# Geometric intuition for Mather's cube theorem

Mather's cube theorem for the category of topological spaces says that given a homotopy-commutative cube:

If one pair of opposite faces are homotopy pushouts and the two remaining faces adjecent the source vertex are homotopy pullbacks, then the final two faces are also homotopy pullbacks.

What is the geometric intuition behind this theorem?

• Just to clear up my own confusion — this is Mather’s first cube theorem, correct? It seems some authors say “Mather’s cube theorem” to reference the second cube theorem. – Santana Afton Nov 2 '19 at 9:22
• @SantanaAfton, yes this is the first cube theorem. – Arrow Nov 2 '19 at 9:41

## 1 Answer

I'm not sure what counts as an intuitive explanation, but this is sort of how I think about it.

Say that $$B=B_1\cup B_2$$ and $$B_0=B_1\cap B_2$$. This is the second pushout square.

Now let $$E_1$$ be a bundle over $$B_1$$ and let $$E_2$$ be a bundle over $$B_2$$, and suppose that the restriction to $$B_0$$ is the same for both bundles -- call it $$E_0$$. These are the two given pullback squares. Now let $$E$$ be the union of $$E_1$$ and $$E_2$$ along $$E_0$$. This is the other pushout square. $$E$$ should be a bundle over $$B$$ whose restriction to $$B_1$$ (resp. $$B_2$$) is the bundle $$E_1$$ (resp. $$E_2$$).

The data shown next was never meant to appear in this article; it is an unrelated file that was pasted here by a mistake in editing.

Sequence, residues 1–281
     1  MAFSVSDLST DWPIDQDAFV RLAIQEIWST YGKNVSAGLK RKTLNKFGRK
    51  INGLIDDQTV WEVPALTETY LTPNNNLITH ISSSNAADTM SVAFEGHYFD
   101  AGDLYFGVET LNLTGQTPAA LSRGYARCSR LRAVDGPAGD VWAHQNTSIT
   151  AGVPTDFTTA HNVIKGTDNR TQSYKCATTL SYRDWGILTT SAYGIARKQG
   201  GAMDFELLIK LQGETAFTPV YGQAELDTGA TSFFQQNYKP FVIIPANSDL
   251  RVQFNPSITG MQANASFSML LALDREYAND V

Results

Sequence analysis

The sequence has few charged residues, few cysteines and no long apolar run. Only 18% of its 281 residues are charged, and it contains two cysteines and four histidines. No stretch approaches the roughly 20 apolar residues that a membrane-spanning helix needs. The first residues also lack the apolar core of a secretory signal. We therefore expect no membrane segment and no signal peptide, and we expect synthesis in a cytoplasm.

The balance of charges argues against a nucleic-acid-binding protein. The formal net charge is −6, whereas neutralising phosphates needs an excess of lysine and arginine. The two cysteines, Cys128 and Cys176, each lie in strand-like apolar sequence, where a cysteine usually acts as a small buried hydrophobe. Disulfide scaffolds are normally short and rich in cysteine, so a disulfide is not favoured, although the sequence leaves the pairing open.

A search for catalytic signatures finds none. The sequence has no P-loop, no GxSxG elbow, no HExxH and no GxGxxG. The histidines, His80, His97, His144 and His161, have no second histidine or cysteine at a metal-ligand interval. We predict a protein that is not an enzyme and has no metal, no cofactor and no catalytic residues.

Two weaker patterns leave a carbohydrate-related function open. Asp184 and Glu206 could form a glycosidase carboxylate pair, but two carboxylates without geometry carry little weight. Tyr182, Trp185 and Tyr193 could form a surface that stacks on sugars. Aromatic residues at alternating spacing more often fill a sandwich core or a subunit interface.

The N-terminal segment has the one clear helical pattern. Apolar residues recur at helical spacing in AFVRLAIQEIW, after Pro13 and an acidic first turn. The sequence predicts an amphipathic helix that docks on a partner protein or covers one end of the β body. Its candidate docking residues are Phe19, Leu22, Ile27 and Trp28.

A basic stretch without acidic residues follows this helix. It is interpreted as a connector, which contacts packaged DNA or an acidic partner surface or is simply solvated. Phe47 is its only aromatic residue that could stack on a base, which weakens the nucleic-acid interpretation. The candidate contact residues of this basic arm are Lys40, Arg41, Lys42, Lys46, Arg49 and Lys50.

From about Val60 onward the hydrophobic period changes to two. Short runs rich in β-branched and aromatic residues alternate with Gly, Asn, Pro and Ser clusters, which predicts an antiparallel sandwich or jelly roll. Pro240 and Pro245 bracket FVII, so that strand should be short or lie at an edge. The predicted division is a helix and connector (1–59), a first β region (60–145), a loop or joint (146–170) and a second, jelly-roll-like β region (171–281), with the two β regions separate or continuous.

• Dear Tom, in this answer you write the theorem fails in the category of sets. Doesn't that mean the intuition of strictly pulling back bundles fails? – Arrow Nov 3 '19 at 6:40
• @Arrow The theorem holds in sets if one of the given pullback squares intersects the pushout squares in a pair of monomorphisms. In the homotopy theory of simplicial sets any map can be made a monomorphism, so in fact it is possible to deduce the cube theorem from its set version. – Marc Hoyois Nov 3 '19 at 7:19
• @Arrow, the theorem is about homotopy pushouts rather than pushouts, but I don't know how to give geometric intuition without switching to actual pushouts. And that means I should be looking at pushouts that are also homotopy pushouts, so at least one of the maps $B_0\to B_1$ and $B_0\to B_2$ should be some kind of nice injection. – Tom Goodwillie Nov 3 '19 at 16:26